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White House Troubled By Developments in Middle East

Aired June 10, 2003 - 12:09   ET


MILES O'BRIEN, CNN ANCHOR: Let's get to that story at the top of the show, the Middle East. After the first Israeli attack, the White House said that President Bush was deeply troubled, and it said the Israeli actions could hamper the effort to end terror attacks against Israelis. Top American officials feverishly working the phones, trying to contain the fallout on all this.
CNN's John King standing by at the White House to tell us what's happening. John, is it fair to say there's some frustration with Mr. Sharon's government at this point, or is that too simplistic?

JOHN KING, CNN SR. WHITE HOUSE CORRESPONDENT: As for the first attack, Miles, there is deep frustration, not simplistic at all. There is deep frustration with the Sharon government here at the White House.

And as for the second, later attack in which Israel once again struck from the air, killing some Palestinians, the White House says it needs to get the facts on that one. Israel says there was a rocket attack first, and that it was simply responding to an attack from the Palestinians.

So the White House says it is gathering the facts and it does not want to say anything judgmental about the second use of Israeli force. But as for the first use of helicopter gunships this morning in an apparent assassination attempt on a top Hamas leader, the White House says that that is directly out of bounds. Ari Fleischer, the White House press secretary, saying that in President Bush's view, that use of force by Israel, that helicopter gunship attack this morning directly violates the commitments Prime Minister Sharon made to President Bush when the leaders got together, along with the Palestinian Prime Minister Abbas, and committed to implementing the administration's so-called road map for peace.


ARI FLEISCHER, WHITE HOUSE PRESS SECRETARY: This president has continued to say that Israel has a right to defend itself, but in this instance, this post-Aqaba environment, as the parties adhere and agreed to adhere to the road map, that's the way to the future. That's the way to security, and that's why the road map is so important. That's why the president today reminds Israel and the Palestinian Authority of the importance of getting back to the road map.

(END VIDEO CLIP) KING: Ari Fleischer's reference to Aqaba, of course, a reminder that it was just days ago Mr. Bush was in high spirits, flanking the prime minister of Israel and the prime minister of the Palestinian Authority. Mr. Bush, quite optimistic that the early steps in the so- called road map would be implemented.

Now the administration trying to prevent the situation from spiraling out of control and into more violence. We are told there have been a number of conversations, direct complaints to the Israeli government, calls that include placed by National Security Adviser Condoleezza Rice here at the White House, making clear the president's displeasure about that first attack early this morning. Also, though, calls as well to the Palestinian Authority, the White House urging the Palestinian Prime Minister Mahmoud Abbas to do everything in his power to prevent even more attacks on Israel. So, Miles, displeasure with the Israeli government for sure, and a concern here at the White House that all of this could spiral out of control.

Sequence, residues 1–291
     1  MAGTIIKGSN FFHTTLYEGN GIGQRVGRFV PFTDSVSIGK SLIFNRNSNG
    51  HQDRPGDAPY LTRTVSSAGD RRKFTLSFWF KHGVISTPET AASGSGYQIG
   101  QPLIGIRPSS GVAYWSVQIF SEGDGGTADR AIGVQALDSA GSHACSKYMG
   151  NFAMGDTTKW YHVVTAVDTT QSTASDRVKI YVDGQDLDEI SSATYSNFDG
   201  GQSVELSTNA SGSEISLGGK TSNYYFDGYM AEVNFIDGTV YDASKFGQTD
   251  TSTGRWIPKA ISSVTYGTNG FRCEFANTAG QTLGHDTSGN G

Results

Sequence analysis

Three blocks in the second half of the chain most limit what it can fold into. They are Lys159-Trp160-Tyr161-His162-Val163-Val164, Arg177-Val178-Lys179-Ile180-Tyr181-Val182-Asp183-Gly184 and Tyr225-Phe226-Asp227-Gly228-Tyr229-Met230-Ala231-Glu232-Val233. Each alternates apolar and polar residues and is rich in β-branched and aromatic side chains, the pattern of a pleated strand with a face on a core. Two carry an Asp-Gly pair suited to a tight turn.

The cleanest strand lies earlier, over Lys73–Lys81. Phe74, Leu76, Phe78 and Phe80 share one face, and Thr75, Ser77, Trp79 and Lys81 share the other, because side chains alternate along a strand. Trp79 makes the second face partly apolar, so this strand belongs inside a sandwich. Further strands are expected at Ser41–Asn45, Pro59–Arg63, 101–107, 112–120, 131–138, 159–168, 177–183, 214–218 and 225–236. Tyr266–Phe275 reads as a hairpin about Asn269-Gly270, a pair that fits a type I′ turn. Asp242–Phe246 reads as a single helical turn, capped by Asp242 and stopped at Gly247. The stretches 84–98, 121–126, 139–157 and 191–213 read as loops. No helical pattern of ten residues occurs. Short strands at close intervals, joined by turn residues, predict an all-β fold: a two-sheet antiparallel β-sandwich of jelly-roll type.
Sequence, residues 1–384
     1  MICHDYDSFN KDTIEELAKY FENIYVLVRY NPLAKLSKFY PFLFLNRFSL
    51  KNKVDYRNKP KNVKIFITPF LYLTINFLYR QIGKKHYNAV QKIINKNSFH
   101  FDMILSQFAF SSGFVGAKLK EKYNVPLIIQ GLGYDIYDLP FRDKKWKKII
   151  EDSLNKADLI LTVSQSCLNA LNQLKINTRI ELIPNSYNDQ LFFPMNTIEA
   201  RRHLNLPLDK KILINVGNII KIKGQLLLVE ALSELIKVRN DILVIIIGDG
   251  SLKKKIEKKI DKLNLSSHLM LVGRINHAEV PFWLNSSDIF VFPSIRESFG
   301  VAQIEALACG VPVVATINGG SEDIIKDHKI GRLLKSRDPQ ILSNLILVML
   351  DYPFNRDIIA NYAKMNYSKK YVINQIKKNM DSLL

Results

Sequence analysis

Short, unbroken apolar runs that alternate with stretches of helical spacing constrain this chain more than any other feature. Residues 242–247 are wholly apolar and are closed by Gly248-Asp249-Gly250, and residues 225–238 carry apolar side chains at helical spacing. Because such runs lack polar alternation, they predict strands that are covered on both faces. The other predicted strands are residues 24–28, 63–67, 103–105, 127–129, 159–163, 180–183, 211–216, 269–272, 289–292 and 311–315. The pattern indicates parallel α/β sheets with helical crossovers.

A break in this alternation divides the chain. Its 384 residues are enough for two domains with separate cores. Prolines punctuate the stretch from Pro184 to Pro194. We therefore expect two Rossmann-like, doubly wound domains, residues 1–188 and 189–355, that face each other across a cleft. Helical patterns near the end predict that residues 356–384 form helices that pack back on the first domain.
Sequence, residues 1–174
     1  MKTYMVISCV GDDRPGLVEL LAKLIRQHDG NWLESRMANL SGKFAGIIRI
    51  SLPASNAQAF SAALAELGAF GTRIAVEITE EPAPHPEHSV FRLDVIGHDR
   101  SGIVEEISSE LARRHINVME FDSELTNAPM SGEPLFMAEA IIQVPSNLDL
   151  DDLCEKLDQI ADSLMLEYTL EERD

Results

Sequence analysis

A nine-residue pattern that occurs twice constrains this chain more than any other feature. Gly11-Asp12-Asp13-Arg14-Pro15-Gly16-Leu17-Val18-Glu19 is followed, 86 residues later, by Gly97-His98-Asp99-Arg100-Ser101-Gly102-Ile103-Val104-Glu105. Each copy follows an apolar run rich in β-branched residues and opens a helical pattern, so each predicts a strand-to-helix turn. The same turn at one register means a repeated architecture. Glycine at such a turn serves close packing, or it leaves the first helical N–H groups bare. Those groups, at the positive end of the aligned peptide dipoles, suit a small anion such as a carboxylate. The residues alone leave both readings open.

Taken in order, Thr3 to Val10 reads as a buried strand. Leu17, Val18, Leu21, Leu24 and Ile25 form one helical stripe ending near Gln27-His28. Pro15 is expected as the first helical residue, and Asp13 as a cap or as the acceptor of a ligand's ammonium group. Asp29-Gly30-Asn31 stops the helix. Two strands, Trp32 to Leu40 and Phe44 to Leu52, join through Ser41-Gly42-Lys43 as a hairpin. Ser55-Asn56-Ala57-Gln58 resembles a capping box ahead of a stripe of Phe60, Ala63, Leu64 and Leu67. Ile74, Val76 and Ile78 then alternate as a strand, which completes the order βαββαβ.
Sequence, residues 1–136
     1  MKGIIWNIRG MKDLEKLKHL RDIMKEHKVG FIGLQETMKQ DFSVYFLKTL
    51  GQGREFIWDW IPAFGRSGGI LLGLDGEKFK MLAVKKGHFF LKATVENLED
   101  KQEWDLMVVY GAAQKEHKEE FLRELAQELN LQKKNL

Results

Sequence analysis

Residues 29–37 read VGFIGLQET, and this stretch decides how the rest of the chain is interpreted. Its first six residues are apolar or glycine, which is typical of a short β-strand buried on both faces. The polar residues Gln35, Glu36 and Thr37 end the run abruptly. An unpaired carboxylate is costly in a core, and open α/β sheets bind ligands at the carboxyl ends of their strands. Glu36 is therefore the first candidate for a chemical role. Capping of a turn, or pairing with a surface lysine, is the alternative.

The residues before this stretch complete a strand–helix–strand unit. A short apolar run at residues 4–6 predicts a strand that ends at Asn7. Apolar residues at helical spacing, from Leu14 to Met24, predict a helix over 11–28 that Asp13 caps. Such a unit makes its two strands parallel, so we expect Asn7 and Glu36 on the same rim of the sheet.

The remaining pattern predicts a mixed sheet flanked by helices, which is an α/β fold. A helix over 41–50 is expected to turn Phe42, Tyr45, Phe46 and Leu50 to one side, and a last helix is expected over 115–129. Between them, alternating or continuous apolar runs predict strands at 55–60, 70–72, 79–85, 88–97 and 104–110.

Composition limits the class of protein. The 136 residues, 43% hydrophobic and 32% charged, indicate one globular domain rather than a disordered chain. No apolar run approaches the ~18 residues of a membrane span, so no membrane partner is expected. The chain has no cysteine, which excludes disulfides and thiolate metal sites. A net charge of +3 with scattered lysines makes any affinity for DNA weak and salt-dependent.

O'BRIEN: Well -- and on that point, John, you almost shudder at the prospect of the cycle of violence which might be unleashed by what we're seeing today. Is this the kind of thing that the administration feels can be handled with a lot of serious phone calls, or is there some thought about some sort of intermediary being put into the picture, again, right now, at this very crucial stage?

KING: Sadly, this is what has happened traditionally at this point. Whenever there is a resumption of momentum if you will, in the Middle East peace process, it seems almost inevitable that there is then violence to test that momentum. As for new steps that could be taken, the president says he himself will be directly involved when necessary. The role of Dr. Rice has been elevated, if you will, here at the White House. The national security adviser will have a much more aggressive role in intervening on behalf of the president. And also, the president is naming a new special envoy, Ambassador John Wolf, he is assistant secretary of state. He is still in Washington, due to go to the Middle East within the next several days. When he gets on the ground, Miles, that is precisely his job. When the administration feels that one side or the other is not keeping its promises or not moving quickly enough, it is Ambassador Wolf's job to call them into a meeting and essentially to twist arms if you will.

O'BRIEN: Well, the ambassador certainly faces a trial by fire ahead, and we wish him well. John King at the White House, thanks for everything. We appreciate it.


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